Spacey was Mendes’ first choice for the role of Lester, even though DreamWorks had urged the director to consider better-known actors; similarly, the studio suggested several actors for the role of Carolyn until Mendes offered the part to Bening without DreamWorks’ knowledge. Principal photography took place between December 1998 and February 1999 on soundstages at the Warner Bros. backlot in Burbank, California and on location in Los Angeles. Mendes’ dominant style was deliberate and composed; he made extensive use of static shots and slow pans and zooms to generate tension. Cinematographer Conrad Hall complemented Mendes’ style with peaceful shot compositions to contrast with the turbulent on-screen events. During editing, Mendes made several changes that gave the film a less cynical tone.
Released in North America on September 15, 1999, American Beauty was positively received by critics and audiences alike; it was the best-reviewed American film of the year and grossed over $350 million worldwide. Reviewers praised most aspects of the production, with particular emphasis on Mendes, Spacey and Ball; criticism tended to focus on the familiarity of the characters and setting. DreamWorks launched a major campaign to increase American Beautys chances of Academy Award success; at the 72nd Academy Awards the following year, the film won Best PictureBest DirectorBest Actor (for Spacey), Best Original Screenplay and Best Cinematography.


Seduction, Sexuality and Sin

Red by a large margin is the color most commonly associated with seduction, sexuality, eroticism and immorality, possibly because of its close connection with passion and with danger.[96]
Red was long seen as having a dark side, particularly in Christian theology. It was associated with sexual passion, anger, sin, and the devil,.[97] In the Old Testament of the Bible, the Book of Isaiah said: “Though your sins be as scarlet, they shall be white as snow.”[98] In the New Testament, in the Book of Revelations, the Antichrist appears as a red monster, ridden by a woman dressed in scarlet, known as the Whore of Babylon:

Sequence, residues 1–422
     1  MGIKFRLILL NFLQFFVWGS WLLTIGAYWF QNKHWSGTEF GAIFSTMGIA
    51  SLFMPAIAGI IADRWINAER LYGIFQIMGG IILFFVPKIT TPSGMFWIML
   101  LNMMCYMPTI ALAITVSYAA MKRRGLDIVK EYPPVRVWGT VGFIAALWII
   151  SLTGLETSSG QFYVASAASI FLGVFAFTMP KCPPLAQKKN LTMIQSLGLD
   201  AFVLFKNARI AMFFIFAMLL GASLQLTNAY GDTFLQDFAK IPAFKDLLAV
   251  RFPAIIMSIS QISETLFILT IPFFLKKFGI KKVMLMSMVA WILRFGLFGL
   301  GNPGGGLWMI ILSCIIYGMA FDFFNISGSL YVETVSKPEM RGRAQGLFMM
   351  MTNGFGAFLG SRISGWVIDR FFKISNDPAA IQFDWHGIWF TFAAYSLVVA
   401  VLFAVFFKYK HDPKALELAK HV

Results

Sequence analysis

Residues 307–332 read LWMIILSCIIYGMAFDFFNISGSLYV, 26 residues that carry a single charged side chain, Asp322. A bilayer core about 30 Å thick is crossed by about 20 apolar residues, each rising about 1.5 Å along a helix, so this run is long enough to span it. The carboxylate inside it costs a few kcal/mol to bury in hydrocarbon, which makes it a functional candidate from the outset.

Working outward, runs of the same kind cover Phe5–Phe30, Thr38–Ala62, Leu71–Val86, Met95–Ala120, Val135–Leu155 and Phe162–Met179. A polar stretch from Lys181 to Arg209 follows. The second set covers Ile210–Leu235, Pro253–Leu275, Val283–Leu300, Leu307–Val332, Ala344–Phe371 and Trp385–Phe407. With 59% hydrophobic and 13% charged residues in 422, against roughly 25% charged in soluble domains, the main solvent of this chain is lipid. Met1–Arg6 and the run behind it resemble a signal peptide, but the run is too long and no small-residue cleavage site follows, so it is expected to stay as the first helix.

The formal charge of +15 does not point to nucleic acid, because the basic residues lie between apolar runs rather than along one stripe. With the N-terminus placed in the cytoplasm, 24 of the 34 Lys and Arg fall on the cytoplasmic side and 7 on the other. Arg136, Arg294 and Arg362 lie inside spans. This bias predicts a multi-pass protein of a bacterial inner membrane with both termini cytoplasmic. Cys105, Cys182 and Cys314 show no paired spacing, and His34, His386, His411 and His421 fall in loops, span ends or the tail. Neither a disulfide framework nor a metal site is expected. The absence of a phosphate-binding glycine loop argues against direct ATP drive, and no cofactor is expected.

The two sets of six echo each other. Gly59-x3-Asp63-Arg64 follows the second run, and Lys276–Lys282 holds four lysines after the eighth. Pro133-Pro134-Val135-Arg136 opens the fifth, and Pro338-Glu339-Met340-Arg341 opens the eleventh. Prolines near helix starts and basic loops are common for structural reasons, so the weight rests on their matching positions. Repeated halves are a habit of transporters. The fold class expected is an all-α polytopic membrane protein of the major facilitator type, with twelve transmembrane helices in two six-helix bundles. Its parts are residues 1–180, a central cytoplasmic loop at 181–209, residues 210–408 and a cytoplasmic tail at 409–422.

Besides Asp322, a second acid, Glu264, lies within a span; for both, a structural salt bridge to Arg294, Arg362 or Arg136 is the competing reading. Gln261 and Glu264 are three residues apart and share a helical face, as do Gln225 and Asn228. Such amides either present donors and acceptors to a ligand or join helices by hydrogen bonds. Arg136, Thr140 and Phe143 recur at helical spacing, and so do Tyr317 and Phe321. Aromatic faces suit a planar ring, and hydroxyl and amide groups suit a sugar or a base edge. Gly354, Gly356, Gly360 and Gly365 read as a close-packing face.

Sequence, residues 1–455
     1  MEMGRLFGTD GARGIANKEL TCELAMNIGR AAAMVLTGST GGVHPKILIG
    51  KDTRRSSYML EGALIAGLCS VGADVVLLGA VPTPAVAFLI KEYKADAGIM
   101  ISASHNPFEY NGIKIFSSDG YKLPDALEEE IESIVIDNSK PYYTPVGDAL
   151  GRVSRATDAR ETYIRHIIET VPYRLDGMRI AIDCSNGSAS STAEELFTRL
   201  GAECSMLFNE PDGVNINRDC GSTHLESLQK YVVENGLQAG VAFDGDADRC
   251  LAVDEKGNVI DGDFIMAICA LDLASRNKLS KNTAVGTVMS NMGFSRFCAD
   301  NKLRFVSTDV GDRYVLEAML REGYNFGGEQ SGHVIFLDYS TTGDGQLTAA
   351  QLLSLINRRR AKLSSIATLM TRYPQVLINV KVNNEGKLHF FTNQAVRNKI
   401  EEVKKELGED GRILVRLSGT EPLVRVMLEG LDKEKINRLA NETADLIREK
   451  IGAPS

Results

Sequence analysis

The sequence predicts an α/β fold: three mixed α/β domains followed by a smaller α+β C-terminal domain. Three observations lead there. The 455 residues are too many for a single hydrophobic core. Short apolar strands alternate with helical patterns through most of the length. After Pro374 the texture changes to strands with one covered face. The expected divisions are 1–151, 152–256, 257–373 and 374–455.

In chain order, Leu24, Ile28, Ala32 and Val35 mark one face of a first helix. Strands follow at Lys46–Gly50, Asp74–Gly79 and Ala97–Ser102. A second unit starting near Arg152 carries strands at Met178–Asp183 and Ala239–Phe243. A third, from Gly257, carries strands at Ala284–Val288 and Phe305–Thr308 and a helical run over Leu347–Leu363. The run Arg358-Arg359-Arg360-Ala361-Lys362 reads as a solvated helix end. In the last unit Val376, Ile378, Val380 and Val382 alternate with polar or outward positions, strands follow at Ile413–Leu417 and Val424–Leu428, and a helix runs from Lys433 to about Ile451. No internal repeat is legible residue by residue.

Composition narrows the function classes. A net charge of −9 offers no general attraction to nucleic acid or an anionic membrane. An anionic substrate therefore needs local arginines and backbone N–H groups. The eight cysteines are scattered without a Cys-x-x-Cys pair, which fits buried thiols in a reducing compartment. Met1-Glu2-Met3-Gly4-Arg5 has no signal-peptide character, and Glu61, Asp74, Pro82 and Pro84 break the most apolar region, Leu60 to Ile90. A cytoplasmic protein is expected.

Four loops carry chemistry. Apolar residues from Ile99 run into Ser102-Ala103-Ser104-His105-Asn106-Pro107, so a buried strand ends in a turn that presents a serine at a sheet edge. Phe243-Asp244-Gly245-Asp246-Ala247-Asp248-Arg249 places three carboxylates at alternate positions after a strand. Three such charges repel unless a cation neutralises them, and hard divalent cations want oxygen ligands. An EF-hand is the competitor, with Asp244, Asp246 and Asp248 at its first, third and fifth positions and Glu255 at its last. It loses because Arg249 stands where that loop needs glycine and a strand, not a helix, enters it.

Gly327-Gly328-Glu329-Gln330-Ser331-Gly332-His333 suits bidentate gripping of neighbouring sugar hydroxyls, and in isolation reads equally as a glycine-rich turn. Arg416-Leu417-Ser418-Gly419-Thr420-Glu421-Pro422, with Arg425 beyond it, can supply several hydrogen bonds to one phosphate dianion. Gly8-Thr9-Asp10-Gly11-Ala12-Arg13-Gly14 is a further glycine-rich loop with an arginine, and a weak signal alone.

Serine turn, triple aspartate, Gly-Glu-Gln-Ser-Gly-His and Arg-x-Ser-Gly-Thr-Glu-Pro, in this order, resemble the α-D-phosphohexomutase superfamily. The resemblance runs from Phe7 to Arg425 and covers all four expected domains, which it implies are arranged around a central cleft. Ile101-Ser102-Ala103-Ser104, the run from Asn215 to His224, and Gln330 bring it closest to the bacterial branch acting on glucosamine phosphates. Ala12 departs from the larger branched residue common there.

“So he carried me away in the spirit into the wilderness: and I saw a woman sit upon a scarlet coloured beast, full of names of blasphemy, having seven heads and ten horns. “And the woman was arrayed in purple and scarlet colour, and decked with gold and precious stones and pearls, having a golden cup in her hand full of abominations and filthiness of her fornication: “And upon her forehead was a name written a mystery: Babylon the Great, the Mother of Harlots and of all the abominations of the earth: And I saw the woman drunken with the blood of the saints, and with the blood of the martyrs of Jesus.[99]
Satan is often depicted as colored red and/or wearing a red costume in both iconography and popular culture.[100] By the 20th century, the devil in red had become a folk character in legends and stories. In 1915, Irving Berlin wrote a song, At the Devil’s Ball, and the devil in red appeared more often in cartoons and movies than in religious art.
In 17th century New England, red was associated with adultery. In the 1850 novel by Nathaniel HawthorneThe Scarlet Letter, set in a Puritan New England community, a woman is punished for adultery with ostracism, her sin represented by a red letter ‘A’ sewn onto her clothes.[101]
Red is still commonly associated with prostitution. Prostitutes in many cities were required to wear red to announce their profession, and houses of prostitution displayed a red light. Beginning in the early 20th century, houses of prostitution were allowed only in certain specified neighborhoods, which became known as red-light districts. Large red-light districts are found today in Bangkokand Amsterdam.
In Roman Catholicism, red represents wrath, one of the Seven Deadly Sins.
In both Christian and Hebrew tradition, red is also sometimes associated with murder or guilt. with “having blood on one’s hands,” or “being caught red-handed.”[102][103]

Δεν υπάρχουν Σχόλια »

No comments yet.

RSS feed for comments on this post. TrackBack URL

Leave a comment

Powered by WordPress

error: Content is protected !!